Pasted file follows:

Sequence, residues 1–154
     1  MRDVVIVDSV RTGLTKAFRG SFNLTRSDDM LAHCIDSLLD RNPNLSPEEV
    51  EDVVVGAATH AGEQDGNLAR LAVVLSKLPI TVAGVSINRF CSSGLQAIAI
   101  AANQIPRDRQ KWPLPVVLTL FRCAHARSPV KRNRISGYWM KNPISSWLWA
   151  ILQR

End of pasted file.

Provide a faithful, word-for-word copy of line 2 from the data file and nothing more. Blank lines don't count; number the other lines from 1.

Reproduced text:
     1  MRDVVIVDSV RTGLTKAFRG SFNLTRSDDM LAHCIDSLLD RNPNLSPEEV